“You have nothing to worry about, but I haven’t been forgiven. I still have to pay for that miserable sacrilege. I know what you are going to say, and yes, the Church might help, but it’s the body that must suffer. It’s true… he’s waiting outside for me just now, but—” Paxton stopped suddenly and began thanking us.
We delayed him as long as we could; we encouraged him to spend the night in our room and said we would be happy to take him golfing with us the next day, but he didn’t think it would matter. Then, we recommended he stay anyway and remain inside while we played. He was very submissive – he would have done just about anything we suggested – but he knew he couldn’t avoid what was coming. You probably wonder why we didn’t escort him home – or to the safety of some brother’s care… The fact was, he didn’t have any.
He used to have an apartment in town, but he decided to move to Sweden; his possessions had been shipped off weeks before. Anyway, we couldn’t think of anything better to do than sleep on it… Or – in my case – not sleep.
Long and I felt very different the next morning. It was a beautiful April day, and Paxton also looked very different when we saw him at breakfast. “That was the best night’s sleep I ever had.” He said, and he decided to stay in our room as we had suggested. Long and I met some others for golf and had an early lunch so we could return sooner… But death still claimed its prize. I don’t know if it could have been prevented… I think he would have died no matter what we did, but – either way – this is what happened.
We went straight to our room, where Paxton was reading quietly. “Will you be ready to come out with us in half an hour?” Long asked.
He agreed, and I said we would need to clean ourselves up first. I bathed and napped for ten minutes; then, Long and I met in the sitting-room, but only Paxton’s book remained; he wasn’t in his room or downstairs, so we shouted for him. A servant appeared and said, “The other gentleman and I thought you left already. He heard you calling from the path over there, and he hurried out. I looked out of the coffee-room window, but I didn’t see you. Anyway, he went down towards the beach.”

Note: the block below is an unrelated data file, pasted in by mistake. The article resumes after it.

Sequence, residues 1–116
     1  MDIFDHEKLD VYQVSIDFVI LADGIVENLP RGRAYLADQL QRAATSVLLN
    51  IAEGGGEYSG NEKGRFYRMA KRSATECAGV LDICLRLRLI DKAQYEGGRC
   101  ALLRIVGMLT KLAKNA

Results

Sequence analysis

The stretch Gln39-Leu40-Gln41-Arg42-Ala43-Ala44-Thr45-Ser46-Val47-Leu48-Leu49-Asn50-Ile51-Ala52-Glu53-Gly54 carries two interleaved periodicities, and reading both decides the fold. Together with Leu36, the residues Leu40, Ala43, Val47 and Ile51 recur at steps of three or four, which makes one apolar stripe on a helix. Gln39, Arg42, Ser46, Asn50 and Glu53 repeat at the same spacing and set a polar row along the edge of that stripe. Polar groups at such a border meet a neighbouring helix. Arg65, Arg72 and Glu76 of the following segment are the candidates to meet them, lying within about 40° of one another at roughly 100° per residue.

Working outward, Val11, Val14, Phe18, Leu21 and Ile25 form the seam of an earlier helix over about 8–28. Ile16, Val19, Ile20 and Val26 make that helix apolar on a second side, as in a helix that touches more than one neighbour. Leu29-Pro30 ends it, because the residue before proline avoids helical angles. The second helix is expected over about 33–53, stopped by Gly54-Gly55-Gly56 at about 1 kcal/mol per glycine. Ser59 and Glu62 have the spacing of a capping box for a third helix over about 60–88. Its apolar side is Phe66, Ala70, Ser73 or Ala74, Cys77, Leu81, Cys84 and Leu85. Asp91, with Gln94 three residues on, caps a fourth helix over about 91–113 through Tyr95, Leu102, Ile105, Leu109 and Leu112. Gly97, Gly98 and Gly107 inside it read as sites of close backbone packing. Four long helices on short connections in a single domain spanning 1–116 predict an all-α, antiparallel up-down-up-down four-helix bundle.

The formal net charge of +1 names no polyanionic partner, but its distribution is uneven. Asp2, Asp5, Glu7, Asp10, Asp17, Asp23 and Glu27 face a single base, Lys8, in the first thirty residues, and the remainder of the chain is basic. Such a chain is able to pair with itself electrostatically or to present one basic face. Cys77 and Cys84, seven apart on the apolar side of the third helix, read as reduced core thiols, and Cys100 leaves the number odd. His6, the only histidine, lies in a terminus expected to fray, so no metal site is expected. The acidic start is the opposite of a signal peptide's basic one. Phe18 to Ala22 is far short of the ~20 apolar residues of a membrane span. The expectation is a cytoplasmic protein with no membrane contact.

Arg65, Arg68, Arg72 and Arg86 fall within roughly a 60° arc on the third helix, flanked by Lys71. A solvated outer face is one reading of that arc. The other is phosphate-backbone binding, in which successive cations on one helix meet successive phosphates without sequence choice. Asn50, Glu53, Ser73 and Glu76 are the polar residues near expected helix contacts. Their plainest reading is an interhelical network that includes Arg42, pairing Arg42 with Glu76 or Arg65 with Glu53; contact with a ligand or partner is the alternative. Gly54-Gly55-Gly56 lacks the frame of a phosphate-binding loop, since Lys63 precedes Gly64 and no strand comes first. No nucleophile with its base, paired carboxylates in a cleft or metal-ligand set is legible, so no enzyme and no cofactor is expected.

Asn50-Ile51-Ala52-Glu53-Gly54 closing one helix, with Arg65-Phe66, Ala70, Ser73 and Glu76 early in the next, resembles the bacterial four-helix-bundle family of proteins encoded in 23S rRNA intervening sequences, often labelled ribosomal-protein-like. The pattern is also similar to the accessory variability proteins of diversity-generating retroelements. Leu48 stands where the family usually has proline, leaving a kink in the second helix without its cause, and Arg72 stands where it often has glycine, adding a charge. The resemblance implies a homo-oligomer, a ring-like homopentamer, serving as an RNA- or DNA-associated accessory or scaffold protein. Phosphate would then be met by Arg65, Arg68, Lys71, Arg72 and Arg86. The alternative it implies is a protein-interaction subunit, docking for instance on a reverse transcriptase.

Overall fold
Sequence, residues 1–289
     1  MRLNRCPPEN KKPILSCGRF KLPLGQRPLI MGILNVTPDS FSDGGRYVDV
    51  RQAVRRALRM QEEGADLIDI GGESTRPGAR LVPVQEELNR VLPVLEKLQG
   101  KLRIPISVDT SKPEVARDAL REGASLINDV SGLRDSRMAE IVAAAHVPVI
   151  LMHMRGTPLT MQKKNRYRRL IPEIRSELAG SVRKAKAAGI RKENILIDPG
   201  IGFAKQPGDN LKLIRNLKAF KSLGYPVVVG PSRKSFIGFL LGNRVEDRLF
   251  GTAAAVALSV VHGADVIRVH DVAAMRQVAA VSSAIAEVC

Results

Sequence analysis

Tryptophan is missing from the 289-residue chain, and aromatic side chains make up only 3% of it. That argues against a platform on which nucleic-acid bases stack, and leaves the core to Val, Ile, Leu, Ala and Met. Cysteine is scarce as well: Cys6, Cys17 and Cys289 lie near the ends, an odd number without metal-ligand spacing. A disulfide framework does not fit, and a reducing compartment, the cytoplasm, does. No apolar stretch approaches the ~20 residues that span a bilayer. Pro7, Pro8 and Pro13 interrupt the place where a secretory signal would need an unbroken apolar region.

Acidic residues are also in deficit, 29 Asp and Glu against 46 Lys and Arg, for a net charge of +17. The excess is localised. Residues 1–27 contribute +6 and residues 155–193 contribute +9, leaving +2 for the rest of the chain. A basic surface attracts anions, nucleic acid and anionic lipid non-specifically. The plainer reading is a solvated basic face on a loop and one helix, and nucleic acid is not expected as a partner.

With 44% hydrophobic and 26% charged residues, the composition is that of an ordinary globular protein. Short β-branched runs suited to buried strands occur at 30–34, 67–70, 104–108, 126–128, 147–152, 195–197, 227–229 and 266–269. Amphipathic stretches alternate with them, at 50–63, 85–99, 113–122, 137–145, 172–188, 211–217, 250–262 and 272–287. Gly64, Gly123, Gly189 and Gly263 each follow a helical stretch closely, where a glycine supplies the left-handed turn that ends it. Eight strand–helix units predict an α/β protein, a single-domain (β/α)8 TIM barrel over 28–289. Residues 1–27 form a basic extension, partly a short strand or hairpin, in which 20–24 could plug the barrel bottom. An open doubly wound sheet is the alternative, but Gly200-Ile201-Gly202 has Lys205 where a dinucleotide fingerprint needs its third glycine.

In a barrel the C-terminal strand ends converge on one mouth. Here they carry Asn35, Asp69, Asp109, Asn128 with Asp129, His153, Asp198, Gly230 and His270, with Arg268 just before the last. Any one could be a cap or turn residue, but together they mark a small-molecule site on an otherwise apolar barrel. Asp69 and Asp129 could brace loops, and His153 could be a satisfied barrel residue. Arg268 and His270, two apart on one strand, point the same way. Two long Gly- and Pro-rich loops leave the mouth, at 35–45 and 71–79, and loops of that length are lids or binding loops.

Without a word we ran that way, too – in the opposite direction of last night’s expedition. It was almost 4:00, and the weather was fair. There was really no reason to worry; with so many people around, surely a man couldn’t come to much harm… The looks on our faces must have frightened the servant; she came out onto the steps, pointed, and said, “yes, that’s the way he went!”
We ran to the top of the bank and stopped. We could either go past the houses on the sea-front, along the sand at the bottom of the beach, or we could stay in the middle and have a view of both. We chose the sand because it was the most secluded, and someone could get hurt without being seen.
The idea of Paxton running off was dreadful; we feared the thing he was following might suddenly stop and turn on him… I wondered what face it would show – half-seen in the thickening mist – and I continued to run, wondering how the poor wretch could have mistaken that thing for us. I remembered him saying it had some kind of power over your eyes, and I wondered what the end would be like for him; I had lost all hope of saving him, and— Well, there is no need to voice the horrible thoughts that raced through my mind as we ran into the mist.